Chief commercial city of the state of Texas; on Galveston Bay and the Gulf of Mexico. It was founded in 1836, and has a population (1903) of 32,745. Jews settled in Galveston in 1840. In 1852 the Jewish Cemetery Association was organized, a plot of ground for burial-purposes being donated by the late Isadore Dyer. In 1856 the first Jewish services were held at the home of Isadore Dyer in a room dedicated to that purpose. In 1866 the Hebrew Benevolent Society of Galveston, Texas, was organized and chartered. A burial- plot was purchased in 1867, and another in 1897. The charter members of the Benevolent Society were J. W. Frank, J. Rosenfield, I. C. Levy, I. Fedder, Isadore Dyer, Leon Blum, J. Lieberman, and L. Block, the last three of whom are still (1903) living.
Congregation B'nai Israel (Reform) was organized in 1868 and chartered in 1870. The temple was dedicated in the latter year, and has been enlarged twice, now having a seating capacity of 764 persons. The congregation has had four rabbis: Alexander Rosenspitz, 1868-71; Abraham Blum, 1871-85; Joseph Silverman, 1885-88; Henry Cohen, 1888.
The Ladies' Hebrew Benevolent Society was organized in 1870, Mrs. Caroline Block (d. 1902) serving as president for thirty years; the Harmony Club was organized in 1870, Zacharias Frankel Lodge I. O. B. B. in 1874, and the Ladies' Auxiliary Society in 1887.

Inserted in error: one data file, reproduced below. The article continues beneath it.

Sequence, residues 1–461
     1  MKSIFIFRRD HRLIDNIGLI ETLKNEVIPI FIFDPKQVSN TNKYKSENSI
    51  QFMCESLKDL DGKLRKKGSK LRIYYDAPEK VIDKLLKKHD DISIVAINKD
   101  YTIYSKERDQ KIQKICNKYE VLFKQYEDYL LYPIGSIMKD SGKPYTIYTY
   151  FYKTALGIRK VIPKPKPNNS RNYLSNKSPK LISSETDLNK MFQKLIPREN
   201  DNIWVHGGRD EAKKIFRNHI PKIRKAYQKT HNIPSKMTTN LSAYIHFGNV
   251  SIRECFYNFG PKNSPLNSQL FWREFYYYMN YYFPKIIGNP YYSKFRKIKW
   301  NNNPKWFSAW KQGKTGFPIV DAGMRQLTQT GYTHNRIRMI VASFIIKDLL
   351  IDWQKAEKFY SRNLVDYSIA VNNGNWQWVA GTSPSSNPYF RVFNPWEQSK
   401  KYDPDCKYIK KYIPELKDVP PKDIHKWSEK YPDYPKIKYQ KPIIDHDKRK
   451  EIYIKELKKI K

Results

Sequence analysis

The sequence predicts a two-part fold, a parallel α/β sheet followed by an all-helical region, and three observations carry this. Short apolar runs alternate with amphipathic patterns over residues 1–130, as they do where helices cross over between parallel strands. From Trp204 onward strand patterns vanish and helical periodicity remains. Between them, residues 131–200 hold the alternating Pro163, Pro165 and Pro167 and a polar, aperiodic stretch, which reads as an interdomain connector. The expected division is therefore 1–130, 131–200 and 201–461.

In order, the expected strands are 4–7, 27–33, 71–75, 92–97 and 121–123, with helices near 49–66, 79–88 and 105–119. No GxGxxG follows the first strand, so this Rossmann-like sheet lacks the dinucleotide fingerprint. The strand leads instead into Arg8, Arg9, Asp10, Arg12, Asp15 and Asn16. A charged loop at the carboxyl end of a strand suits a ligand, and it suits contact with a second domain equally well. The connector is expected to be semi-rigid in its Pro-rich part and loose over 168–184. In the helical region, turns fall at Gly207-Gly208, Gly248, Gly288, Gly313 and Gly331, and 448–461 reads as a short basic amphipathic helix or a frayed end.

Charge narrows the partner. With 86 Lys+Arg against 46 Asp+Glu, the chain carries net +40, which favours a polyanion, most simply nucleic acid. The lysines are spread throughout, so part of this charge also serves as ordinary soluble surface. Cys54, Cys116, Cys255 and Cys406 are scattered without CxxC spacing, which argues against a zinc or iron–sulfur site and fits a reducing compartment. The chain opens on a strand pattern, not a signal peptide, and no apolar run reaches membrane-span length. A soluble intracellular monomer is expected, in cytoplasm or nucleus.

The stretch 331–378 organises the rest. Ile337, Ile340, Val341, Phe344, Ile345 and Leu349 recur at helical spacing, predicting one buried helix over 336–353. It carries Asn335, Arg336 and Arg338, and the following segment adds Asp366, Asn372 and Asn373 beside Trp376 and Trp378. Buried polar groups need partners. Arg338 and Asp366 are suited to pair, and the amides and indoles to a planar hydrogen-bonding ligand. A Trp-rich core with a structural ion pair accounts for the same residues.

In 1894, under the title of "Young Men's Hebrew Association," the Orthodox Jews, the large majority of whom settled there after the Russian persecution of 1891, established a congregation. Orthodox services have been held since 1887, first in private houses and later in a building acquired for the purpose. The Y. M. H. A. has a charitable society—Bikur Cholim—and a Ladies' Auxiliary (established 1903). B'nai Zion Lodge (founded 1898) represents the local Zionists.
Galveston was visited by a terrific storm on Sept. 8, 1900, which left destitution, wide-spread misery, and death in its wake. The dead numbered about 8,000, and property to the value of many million dollars was swept away. Forty-one members of the Jewish community perished. Of the twenty-eight places of worship in the city, but five remained standing, and two of these were very badly damaged. Of the other three, Temple B'nai Israel was one. The sum of $26,427.33 was contributed by Jewish organizations and individuals for distribution among the Jewish sufferers, and was disbursed by a local committee made up of representatives of each of the communal institutions.Prominent Citizens.
The Jews of Galveston have always been prominent in civic as in business life. A number of them have served as aldermen, and in 1853 Michael Seeligson was elected mayor, resigning a few months thereafter. Upon the commission controlling the affairs of the city at the present time the governor of the state appointed former City Treasurer I. H. Kempner. I. Lovenberg has been a member of the Galveston school board for seventeen years, and one of its most active workers. He is also president of the Galveston Orphans' Home, a non- sectarian institution, and for fourteen years was president of the Hebrew Benevolent Society.
- H. Cohen, Settlement of the Jews in Texas, in Pub. Jew. His. Soc. No. 2;
- idem, The Jews in Texas, in Pub. Jew. Hist. Soc. No. 4;
- C. Ousley, Galveston in 1900, Atlanta, Ga.;
- Reports Hebrew Benevolent Society, Galveston;
- Reports Congregation B'nai Israel, Galveston.